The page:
It’s easy to picture hard-core Republicans coming to the same conclusion: Romney and the party élite betrayed the party’s principles (again, after McCain) and gave the country four more years of the hated Obama. Never again! Next time, a real conservative! (Go back another twenty years, to the G.O.P. convention of 1952, and Senator Everett Dirksen, of Illinois, a supporter of the conservative Robert Taft, pointing at Thomas E. Dewey, the party’s moderate two-time loser, and thundering, “Don’t take us down the path to defeat again!”)
If Romney wins the nomination and loses the election, the party will continue down into the same dark hole where Palin, Bachmann, Perry, Cain, Santorum, and now Gingrich all lurk. So a sane Republican has a terrible dilemma, today in Florida and beyond. That’s what happens when political parties are captured by a minority of fervent believers.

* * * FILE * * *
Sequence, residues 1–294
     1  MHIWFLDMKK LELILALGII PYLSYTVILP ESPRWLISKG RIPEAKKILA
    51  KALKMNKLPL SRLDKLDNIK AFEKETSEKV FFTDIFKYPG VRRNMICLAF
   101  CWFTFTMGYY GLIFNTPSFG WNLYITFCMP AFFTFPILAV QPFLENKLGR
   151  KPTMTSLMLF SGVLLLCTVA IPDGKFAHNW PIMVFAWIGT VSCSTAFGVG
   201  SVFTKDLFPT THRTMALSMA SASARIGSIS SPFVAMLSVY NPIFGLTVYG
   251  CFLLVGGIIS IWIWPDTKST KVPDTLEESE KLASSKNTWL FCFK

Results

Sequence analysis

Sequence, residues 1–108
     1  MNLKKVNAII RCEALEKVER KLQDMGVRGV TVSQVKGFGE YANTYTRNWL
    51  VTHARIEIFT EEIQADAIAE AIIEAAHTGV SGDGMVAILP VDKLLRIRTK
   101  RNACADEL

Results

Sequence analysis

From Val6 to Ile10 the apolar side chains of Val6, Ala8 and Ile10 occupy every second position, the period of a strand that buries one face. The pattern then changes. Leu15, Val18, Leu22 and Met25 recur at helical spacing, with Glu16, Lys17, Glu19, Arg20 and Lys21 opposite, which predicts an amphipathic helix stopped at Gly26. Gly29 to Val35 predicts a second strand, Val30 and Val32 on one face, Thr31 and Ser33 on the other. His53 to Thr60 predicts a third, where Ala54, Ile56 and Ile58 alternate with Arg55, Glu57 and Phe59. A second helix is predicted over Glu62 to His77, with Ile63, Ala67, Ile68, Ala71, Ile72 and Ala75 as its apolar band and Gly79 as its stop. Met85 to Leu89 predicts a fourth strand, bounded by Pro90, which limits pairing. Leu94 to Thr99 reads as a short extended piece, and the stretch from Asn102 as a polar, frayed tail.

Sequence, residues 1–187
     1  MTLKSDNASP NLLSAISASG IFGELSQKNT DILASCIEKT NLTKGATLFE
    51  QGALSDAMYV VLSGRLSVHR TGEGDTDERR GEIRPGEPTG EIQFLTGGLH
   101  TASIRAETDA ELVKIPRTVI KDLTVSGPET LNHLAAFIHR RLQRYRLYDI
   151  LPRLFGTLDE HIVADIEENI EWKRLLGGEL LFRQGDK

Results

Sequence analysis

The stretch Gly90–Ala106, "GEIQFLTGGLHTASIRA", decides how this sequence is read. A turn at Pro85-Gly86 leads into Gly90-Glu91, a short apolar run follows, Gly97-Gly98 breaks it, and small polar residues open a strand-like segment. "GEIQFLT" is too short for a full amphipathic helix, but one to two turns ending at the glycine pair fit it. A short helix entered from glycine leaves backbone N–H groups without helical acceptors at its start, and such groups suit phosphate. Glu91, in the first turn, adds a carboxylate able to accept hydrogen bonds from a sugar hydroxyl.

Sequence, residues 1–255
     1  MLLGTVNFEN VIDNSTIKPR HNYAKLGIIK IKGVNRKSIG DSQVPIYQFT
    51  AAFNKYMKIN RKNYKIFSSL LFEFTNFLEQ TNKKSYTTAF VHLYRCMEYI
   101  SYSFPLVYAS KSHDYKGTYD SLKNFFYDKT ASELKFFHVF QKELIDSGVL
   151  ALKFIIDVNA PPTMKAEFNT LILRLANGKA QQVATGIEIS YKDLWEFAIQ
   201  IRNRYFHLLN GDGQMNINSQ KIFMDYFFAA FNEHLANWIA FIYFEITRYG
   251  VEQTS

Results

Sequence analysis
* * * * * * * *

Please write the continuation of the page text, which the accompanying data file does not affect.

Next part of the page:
It would be better for the Republican Parry in the long term, Packer argues, if Gingrich were to win the nomination and lead the party to what seems to be a certain, probably massive, electoral defeat in November. At that point, it’s likely that the Party establishment and the fiscally conservative wing of the party will assert itself by making the argument that taking the party down the road to Gingrich-ian radicalism was the wrong idea. In the end, it could mean a saner GOP in the model of men like Chris Christie and Jon Huntsman rather than Michele Bachmann and Allan West.